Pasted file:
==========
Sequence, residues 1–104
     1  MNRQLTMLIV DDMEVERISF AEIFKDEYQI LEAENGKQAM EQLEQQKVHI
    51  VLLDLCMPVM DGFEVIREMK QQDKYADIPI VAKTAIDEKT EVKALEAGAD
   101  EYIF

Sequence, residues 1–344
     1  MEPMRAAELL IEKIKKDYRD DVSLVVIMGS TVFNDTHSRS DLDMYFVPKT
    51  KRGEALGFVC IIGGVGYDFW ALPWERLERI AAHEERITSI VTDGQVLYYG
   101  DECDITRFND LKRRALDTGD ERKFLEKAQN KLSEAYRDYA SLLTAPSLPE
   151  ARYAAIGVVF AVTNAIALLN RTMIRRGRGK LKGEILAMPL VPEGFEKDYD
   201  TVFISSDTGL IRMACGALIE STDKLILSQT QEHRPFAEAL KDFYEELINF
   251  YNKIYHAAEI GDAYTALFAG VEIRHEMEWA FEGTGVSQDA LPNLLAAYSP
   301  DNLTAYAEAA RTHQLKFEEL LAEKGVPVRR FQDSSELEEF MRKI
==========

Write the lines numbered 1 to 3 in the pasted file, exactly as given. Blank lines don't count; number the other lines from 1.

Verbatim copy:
Sequence, residues 1–104
     1  MNRQLTMLIV DDMEVERISF AEIFKDEYQI LEAENGKQAM EQLEQQKVHI
    51  VLLDLCMPVM DGFEVIREMK QQDKYADIPI VAKTAIDEKT EVKALEAGAD